Put it on billboards. Play it on digital street signs. Anybody have a blowhorn?
And while we're at it, how about kudos to the folks who put together the annual Noble Street Festival and the cycling races that anchor it. They've pulled another coup.
Word came down late Wednesday that defending national criterium champion Rahsaan Bahati and two Rock Racing teammates will race in Saturday's Sunny King Criterium men's pro race in downtown Anniston.
That'll be him (and them), wearing red, white and blue uniforms that look like Tommy Hilfiger meets cycling. No one wraps themselves in the flag more tightly.
And no one with the 27-year-old Bahati's credentials has to dress loudly to stand out in a peloton.
"Anytime you have the reigning U.S. criterium champion at your event," chief organizer Mike Poe said, "it's big for the event."
It's also big, considering the where the event could be today, if not for past coups.
When organizers revived the local criteriums a few years back, they got help from the outside. The Tour de Georgia and other crits in the Southeast drew top riders to this part of the country, and many came here, too.
Then along came economic woes, starting in 2008. Sponsorship ills scratched this year's Tour de Georgia.
Economic troubles also busted up teams. Toyota-United, which has dominated this race the past few years, learned while in Anniston last year that their sponsorship would not be renewed.
The Sunny King Criterium also no longer has a place on the Southeast Criterium Series schedule. As of last year, the race no longer counts in the Southeast Crit points.
To think what this year's race could have looked like, but enthusiastic organizers began inoculating the local event against major hits years ago. They impressed USA Cycling enough that it placed the Sunny King on its National Racing Calendar, starting in 2006.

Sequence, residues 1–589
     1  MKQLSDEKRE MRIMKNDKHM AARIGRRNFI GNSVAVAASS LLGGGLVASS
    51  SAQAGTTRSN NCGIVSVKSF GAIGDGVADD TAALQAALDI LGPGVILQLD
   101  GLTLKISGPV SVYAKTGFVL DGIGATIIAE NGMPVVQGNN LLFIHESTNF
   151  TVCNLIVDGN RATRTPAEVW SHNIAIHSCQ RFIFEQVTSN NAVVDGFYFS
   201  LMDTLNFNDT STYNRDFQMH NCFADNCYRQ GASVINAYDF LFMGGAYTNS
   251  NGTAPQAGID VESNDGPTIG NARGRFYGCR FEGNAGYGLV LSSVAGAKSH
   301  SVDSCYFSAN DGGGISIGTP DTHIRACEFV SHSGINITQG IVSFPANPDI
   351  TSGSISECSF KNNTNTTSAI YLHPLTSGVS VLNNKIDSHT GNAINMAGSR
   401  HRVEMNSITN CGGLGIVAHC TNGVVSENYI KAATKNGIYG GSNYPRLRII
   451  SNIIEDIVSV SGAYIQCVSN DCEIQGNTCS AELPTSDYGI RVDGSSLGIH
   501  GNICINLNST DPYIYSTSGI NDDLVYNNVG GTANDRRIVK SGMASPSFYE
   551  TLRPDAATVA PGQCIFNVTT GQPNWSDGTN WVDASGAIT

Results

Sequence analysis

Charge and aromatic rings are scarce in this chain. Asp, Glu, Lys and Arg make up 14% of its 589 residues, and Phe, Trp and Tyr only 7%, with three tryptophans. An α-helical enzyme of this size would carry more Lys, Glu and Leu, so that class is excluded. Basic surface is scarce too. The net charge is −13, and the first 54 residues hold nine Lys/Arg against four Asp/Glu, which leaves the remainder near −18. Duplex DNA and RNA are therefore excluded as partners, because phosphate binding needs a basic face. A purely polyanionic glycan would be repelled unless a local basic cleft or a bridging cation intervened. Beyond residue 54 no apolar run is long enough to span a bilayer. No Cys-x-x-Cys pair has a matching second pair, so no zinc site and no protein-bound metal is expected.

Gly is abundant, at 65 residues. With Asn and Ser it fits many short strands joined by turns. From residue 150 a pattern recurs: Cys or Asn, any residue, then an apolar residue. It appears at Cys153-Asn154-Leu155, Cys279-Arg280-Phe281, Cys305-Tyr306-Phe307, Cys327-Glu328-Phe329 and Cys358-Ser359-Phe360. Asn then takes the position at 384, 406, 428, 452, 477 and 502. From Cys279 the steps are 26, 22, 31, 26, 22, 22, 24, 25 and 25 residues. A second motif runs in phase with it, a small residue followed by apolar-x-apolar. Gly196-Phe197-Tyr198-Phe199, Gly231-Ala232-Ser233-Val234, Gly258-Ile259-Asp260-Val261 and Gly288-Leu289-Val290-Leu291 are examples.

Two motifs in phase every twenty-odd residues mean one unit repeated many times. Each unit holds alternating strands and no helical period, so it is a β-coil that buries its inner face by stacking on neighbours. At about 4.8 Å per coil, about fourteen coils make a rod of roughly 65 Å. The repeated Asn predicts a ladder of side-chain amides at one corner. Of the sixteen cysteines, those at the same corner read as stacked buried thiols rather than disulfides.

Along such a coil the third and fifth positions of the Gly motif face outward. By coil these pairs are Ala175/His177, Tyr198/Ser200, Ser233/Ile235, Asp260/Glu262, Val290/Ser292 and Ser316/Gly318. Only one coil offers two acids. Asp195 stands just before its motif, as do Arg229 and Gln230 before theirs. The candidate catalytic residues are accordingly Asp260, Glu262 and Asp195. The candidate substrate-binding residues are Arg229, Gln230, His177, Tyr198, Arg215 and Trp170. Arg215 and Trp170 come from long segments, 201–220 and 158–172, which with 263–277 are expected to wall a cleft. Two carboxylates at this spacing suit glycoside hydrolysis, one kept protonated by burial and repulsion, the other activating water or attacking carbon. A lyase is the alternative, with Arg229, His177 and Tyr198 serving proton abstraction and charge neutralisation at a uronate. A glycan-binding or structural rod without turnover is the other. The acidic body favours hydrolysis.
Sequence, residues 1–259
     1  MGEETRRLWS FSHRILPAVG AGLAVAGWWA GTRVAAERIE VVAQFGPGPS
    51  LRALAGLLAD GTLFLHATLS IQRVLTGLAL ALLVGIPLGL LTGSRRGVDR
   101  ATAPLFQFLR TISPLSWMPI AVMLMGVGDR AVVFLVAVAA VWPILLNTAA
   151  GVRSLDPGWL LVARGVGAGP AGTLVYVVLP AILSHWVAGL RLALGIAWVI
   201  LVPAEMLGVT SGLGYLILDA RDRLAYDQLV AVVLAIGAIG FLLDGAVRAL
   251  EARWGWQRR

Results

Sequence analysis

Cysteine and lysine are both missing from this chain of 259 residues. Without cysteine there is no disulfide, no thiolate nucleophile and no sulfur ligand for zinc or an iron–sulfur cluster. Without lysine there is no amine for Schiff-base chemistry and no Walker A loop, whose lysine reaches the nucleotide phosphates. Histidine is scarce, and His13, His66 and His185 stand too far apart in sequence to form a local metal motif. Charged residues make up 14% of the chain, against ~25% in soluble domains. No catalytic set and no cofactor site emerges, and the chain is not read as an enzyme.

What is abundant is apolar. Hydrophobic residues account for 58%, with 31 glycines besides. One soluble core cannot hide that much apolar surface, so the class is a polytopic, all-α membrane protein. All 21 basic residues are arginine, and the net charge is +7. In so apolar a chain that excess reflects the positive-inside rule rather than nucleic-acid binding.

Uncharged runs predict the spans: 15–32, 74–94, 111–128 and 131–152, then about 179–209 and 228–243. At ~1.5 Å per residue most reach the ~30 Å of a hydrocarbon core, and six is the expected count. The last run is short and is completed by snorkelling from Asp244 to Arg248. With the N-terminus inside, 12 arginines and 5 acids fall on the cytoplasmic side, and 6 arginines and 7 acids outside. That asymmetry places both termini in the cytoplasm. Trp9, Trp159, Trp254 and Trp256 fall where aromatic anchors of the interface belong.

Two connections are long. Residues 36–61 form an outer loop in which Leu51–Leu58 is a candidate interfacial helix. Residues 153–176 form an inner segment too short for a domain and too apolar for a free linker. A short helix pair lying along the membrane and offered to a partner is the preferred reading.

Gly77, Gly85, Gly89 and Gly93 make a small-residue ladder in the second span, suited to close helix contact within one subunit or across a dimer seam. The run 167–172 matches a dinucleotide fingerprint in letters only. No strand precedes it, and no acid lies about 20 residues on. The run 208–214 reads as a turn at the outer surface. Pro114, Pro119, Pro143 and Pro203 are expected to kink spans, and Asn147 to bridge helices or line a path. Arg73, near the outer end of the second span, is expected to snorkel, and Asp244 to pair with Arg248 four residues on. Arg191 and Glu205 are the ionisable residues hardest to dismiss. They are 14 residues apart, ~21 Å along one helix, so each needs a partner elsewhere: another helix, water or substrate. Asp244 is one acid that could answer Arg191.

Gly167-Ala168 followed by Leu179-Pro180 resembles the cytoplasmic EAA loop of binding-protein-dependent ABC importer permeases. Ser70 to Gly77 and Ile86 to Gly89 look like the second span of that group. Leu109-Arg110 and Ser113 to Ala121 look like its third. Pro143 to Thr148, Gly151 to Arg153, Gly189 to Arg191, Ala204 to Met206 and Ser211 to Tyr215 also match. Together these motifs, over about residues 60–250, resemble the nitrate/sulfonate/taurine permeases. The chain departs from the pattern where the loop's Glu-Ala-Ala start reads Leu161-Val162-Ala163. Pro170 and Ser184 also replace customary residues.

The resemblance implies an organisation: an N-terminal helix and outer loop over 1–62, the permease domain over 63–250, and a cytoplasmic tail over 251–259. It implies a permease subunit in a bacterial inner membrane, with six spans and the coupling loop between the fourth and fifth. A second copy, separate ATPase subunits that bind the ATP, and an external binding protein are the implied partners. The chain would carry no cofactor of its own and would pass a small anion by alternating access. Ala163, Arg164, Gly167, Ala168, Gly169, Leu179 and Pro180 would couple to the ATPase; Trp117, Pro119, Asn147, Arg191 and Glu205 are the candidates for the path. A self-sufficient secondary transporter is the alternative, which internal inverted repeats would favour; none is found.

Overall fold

A place on the NRC means the Sunny King race counts for USA Cycling points. Those mean more than Southeast Crit points.
The Sunny King's $15,000 in prize money also helps to keep top riders interested, and so does the race's history. Recent winners such as J.J. Haedo (2005-06) and Hilton Clarke (2008) have gone on to sign with pro teams touring Europe, the sport's top tier.
So Bahati, described by cycling enthusiasts such as Anniston urologist Terry Phillis as a "rock star," will fly from his home state of California to ride in the Sunny King Criterium.
He came to the Southeast last year to run in the Athens, Ga., criterium and won. He's flying here to participate in the Anniston race this year.
"I'm excited to be a part of a race that traditionally showcased some great sprinters," Bahati said. "I have had some good success at big one-day criteriums like Sunny King, so I'm looking forward to giving this one my best shot."
Bahati, set to race with Rock Racing teammates Cesar Grajales and Nic Sanderson for 60 laps around downtown Anniston, is coming off a victory Sunday at the Dana Point (Calif.) Grand Prix. It was his third win this year.
He also has a runner-up finish and two thirds in March races.
"Unfortunately, I have not been able to race as many times as I would have liked," Bahati said. "So I'm making the most of every opportunity. When I race, I'm not just there to show up. I'm definitely trying to win."
He won nine races in 2008, including the Athens Twilight criterium. His victory at the Saab USA Cycling Professional Criterium Championship in August was one of three national titles Rock Racing won in 2008.
Bahati brings more than credentials. He brings state ties — his mom is a Birmingham native, and his grandmother lives there — and local appeal.
"Rahsaan is viewed as a leader in the American Criterium peloton and is a crowd favorite at any race he chooses to attend," Poe said. "I think his appeal with fans is his authentic and personable nature, which is evident as soon as you meet him or hear him interviewed.
"He places family first and loves to race his bike. When you talk with him on the phone, you are very likely to hear drums in the background from one of his children at play."
Bahati keeps the drumbeat going — and the horn tooting — for the Sunny King Criterium.